The processor 403 of commutation controller 400 may be a highly integrated DSP, for example, a TMS320C50 processor manufactured by Texas Instruments. Memory 404 may be an EPROM or other suitable memory device. In the preferred embodiment described above, the memory 404 stores data points for 32 force levels and 16 counts/segments, requiring a memory size of less than 10 Kilowords or 20 Kilobytes.

The sensor(s) 104 for providing feedback signals to commutation controller 400 may be LIDA 201 exposed linear encoders manufactured by Heidenhain in Germany. However, numerous other types of sensors may be used to provide the necessary feedback signals.some such sensors are described at pages 5-28 of "Digital Linear and Angular Metrology" by Alfons Ernst, published in 1989 by Verlag Moderne Industrie AG & Co., and incorporated herein by reference.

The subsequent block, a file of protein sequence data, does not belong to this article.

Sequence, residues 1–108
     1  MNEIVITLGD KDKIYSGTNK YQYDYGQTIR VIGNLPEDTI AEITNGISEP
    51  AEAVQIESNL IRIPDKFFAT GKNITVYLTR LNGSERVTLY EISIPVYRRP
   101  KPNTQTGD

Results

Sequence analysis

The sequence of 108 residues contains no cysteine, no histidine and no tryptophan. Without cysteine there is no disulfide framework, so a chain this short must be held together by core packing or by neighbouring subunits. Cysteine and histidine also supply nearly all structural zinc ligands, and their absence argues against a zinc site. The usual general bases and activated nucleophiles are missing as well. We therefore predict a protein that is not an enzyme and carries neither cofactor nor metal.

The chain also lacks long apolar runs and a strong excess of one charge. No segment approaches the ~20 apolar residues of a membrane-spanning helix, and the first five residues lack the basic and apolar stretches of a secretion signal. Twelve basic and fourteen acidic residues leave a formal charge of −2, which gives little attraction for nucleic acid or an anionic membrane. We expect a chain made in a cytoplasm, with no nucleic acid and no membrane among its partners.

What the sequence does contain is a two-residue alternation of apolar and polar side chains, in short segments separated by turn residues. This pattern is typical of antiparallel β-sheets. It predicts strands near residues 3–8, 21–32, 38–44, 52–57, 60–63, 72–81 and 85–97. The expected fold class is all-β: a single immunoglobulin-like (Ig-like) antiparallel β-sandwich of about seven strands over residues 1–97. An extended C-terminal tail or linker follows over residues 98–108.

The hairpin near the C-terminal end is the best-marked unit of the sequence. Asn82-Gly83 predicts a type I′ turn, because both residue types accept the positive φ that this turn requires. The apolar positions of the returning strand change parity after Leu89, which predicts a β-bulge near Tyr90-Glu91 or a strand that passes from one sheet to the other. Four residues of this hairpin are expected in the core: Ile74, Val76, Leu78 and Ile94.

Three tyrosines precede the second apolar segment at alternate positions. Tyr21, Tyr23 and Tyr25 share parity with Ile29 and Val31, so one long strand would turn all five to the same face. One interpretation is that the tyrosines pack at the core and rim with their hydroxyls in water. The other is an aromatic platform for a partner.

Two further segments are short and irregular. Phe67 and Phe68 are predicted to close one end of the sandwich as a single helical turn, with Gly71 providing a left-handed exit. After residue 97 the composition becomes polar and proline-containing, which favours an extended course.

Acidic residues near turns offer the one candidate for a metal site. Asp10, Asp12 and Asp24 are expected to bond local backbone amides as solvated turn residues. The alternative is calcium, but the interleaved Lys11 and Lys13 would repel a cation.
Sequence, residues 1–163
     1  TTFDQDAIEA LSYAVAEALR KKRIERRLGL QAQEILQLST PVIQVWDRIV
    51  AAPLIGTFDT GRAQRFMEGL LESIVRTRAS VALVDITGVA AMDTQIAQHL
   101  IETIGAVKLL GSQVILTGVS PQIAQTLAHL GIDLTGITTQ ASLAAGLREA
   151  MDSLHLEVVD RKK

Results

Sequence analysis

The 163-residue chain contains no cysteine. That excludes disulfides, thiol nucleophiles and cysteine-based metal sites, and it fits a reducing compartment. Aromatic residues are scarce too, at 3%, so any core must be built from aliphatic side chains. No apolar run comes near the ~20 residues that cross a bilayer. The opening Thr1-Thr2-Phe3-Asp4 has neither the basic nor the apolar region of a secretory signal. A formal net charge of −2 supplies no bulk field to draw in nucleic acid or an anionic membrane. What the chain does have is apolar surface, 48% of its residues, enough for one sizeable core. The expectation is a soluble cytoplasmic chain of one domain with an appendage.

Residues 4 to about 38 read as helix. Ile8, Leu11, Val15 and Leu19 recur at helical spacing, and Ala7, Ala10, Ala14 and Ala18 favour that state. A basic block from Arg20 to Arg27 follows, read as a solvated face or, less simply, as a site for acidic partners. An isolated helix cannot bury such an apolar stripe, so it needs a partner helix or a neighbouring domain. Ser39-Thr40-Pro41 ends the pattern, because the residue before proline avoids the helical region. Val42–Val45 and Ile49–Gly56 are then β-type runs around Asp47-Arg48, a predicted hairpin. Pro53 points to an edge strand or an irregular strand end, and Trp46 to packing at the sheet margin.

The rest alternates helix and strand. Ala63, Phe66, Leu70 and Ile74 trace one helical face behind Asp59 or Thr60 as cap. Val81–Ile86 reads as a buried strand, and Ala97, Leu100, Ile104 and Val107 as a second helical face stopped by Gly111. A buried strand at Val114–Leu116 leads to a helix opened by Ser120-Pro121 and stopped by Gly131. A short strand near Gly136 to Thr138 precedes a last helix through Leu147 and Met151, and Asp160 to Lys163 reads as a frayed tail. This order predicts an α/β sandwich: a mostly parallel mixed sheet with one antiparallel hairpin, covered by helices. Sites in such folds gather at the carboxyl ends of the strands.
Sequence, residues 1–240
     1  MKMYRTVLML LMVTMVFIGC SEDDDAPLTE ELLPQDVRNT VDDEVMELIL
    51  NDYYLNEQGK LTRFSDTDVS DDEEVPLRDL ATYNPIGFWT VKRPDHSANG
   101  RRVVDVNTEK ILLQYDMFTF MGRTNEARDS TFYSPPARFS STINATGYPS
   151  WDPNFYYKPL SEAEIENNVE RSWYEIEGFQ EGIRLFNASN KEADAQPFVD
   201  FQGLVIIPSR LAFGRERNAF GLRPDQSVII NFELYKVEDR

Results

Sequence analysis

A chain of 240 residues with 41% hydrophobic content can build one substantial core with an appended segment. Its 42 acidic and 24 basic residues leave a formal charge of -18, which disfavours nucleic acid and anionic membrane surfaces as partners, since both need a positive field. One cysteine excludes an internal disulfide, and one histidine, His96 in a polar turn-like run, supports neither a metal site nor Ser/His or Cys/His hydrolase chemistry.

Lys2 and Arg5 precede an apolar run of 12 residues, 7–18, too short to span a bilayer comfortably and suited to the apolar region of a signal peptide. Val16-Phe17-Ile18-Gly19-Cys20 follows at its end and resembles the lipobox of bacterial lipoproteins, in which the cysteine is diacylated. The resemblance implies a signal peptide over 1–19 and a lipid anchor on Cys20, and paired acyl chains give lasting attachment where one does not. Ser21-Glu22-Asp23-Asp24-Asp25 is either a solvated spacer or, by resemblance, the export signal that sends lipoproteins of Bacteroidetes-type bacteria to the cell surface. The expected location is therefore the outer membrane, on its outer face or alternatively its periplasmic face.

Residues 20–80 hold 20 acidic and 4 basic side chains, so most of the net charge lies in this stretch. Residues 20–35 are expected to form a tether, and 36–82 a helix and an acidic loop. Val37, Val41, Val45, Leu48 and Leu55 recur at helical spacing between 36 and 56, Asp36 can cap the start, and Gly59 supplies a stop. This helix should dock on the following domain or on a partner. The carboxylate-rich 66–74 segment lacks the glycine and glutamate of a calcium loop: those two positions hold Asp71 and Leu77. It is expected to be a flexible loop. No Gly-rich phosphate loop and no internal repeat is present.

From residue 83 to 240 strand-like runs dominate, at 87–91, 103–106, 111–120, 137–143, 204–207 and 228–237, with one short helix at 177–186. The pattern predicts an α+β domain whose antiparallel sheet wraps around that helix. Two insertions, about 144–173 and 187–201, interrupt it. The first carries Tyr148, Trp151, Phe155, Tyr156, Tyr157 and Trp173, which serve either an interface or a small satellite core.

With reference to FIG. 5B, functional detail of the commutation controller 400 of FIG. 5A are shown in greater detail. A commutation controller 400 for use in the present invention includes a value error control circuit 520 for outputting an actual force command, a velocity filter 521, a summing circuit 525, a differentiating circuit 522 for differentiating a position value (x) read by sensor 104 over time (t) to obtain a velocity value (dx/dt), and a processor 523. Processor 523 receives the actual force command from value error control circuit 520, a velocity input from differentiator circuit 522, and a position input from sensor 104 and generates a corresponding command to custom current amplifier 501 for each phase of the motor 100.